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Qatar World Cup: Tournament Organisers Admit Some Workers Have Been Exploited In The Country

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Qatar World Cup: Tournament Organisers Admit Some Workers Have Been Exploited In The Country

Qatar World Cup organisers have admitted that some workers have been exploited while working on projects linked to FIFA tournaments in the country. 

A new report published by human rights organisation Amnesty International, which was released just days after the World Cup draw in Doha, has claimed some security guards were subjected to conditions "which amount to forced labour".

It comes after an investigation which documented the experiences of 34 employees from eight private security companies.

The World Cup in Qatar is due to get underway on November 21 (Image: PA)
The World Cup in Qatar is due to get underway on November 21 (Image: PA)
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The report claims that some security guards were forced to work more than the legal maximum of 60 hours each week, while some have described working for months or even years without a day off.

Amnesty International says the workers were employed by private companies which provided services for sites including football stadiums as well as other infrastructure projects essential for the tournament, which begins on November 21.

According to the BBC, at least three of the companies provided security for recent FIFA tournaments in Qatar, including the 2020 Club World Cup and the 2021 FIFA Arab Cup.

Qatar World Cup organisers, the Supreme Committee for Delivery and Legacy (SC), have acknowledged the failings in a statement, which read: “Three companies were found to be non-compliant across a number of areas.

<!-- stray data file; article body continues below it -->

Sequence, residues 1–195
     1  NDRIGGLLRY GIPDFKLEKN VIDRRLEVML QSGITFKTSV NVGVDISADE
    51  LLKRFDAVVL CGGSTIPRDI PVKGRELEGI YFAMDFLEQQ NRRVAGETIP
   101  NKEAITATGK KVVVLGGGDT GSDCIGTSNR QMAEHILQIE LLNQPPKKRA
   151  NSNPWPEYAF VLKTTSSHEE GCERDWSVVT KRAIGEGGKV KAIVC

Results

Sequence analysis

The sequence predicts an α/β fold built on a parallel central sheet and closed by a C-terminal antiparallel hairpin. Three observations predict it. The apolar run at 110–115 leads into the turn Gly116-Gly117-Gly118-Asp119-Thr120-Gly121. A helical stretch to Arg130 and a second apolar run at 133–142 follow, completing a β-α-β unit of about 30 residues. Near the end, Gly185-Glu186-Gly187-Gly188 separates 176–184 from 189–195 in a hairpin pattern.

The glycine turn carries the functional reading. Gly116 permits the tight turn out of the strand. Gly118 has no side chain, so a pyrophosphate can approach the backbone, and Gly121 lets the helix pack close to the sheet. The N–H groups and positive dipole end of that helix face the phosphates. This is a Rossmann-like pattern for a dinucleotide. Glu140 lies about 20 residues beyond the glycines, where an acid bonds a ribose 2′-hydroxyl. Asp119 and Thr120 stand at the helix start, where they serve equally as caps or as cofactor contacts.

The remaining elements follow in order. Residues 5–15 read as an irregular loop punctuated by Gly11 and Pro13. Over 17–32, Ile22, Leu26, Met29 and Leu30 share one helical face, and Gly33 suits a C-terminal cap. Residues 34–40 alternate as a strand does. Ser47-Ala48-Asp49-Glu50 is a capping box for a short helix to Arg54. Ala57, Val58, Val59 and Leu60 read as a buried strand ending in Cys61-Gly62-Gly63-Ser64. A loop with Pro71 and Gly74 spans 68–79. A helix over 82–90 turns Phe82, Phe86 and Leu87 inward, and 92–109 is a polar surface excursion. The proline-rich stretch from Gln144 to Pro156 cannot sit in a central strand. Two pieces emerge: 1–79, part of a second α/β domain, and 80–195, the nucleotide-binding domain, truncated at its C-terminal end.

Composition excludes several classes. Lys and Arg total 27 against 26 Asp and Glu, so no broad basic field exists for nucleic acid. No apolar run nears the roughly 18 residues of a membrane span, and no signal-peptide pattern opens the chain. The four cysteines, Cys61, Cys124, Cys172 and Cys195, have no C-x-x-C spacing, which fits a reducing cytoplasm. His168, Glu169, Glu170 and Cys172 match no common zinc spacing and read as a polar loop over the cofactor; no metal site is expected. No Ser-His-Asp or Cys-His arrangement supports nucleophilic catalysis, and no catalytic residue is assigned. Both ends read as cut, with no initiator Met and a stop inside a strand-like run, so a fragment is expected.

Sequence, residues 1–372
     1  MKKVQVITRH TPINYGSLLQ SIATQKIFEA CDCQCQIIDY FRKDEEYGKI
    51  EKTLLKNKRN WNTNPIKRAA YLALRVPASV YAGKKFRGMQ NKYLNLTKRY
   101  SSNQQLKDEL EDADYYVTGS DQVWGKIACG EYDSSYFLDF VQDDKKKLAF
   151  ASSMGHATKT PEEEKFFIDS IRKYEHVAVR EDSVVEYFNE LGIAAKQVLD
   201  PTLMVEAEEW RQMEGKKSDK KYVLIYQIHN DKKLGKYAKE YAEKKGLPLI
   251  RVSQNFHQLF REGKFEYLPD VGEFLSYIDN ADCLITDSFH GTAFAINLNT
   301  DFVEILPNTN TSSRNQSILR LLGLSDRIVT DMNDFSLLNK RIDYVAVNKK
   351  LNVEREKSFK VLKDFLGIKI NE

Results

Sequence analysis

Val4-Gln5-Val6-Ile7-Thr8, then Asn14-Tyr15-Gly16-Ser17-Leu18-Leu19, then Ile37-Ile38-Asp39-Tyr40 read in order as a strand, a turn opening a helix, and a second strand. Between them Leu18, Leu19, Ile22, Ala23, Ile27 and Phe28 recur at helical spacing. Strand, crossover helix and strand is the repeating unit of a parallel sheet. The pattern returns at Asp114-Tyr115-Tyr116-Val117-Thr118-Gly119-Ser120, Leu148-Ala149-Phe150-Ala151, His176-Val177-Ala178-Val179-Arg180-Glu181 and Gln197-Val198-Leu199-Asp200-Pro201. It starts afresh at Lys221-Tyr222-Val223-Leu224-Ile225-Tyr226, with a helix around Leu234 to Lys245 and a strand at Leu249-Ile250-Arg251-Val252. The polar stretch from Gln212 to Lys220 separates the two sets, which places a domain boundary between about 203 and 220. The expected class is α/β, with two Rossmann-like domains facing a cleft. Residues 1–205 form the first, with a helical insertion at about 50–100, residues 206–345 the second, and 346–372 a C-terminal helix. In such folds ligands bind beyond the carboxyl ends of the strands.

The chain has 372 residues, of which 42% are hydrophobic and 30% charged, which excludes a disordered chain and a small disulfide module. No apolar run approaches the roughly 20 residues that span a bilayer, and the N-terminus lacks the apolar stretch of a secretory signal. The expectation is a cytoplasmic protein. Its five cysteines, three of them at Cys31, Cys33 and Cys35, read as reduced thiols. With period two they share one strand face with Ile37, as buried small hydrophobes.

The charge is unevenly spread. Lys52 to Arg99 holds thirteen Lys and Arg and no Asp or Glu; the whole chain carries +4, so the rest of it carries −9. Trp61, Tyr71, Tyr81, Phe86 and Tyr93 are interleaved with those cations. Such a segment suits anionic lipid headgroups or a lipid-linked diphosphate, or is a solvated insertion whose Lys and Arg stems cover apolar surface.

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Qatar has faced criticism over its human rights record and treatment of migrant workers (Image: PA)
Qatar has faced criticism over its human rights record and treatment of migrant workers (Image: PA)

“These violations were completely unacceptable and led to a range of measures being enforced, including placing contractors on a watch-list or black-list to avoid them working on future projects – including the FIFA World Cup – before reporting said contractors to the Ministry of Labor for further investigation and punitive action.”

Qatar’s human rights record and its treatment of migrant workers have been criticised since the country was awarded the right to host the tournament back in 2010.

According to The Guardian, more than 6,500 migrant workers have died in Qatar since it was announced as the host nation, with 37 deaths directly linked to the construction of stadiums for the tournament.

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Male homosexuality is punishable by a prison sentence in Qatar, while same-sex marriages are not recognised by the government. Women’s rights are also restricted due to male guardianship laws in the country.

England manager Gareth Southgate has previously voiced his concerns over Qatar’s suitability to host the World Cup.

The Three Lions held a meeting over the recent international break to discuss how the squad might express their concerns over human rights abuses in the country.

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But Southgate has seemingly ruled out England boycotting the tournament.

"I don't really know what that achieves. It would of course be a big story but this tournament would go ahead," he said.

"The fact is unfortunately, the biggest issue that is probably non-religious or non-cultural is what happened with the building of the stadiums. There's nothing we can do about that either sadly.

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"I think as soon as we've entered the tournament that's the point we decide. We've known for four years or eight years that this is going to be in Qatar."

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Featured Image Credit: PA Images

Topics: Qatar, Football World Cup, FIFA, Football

Rory O'Callaghan
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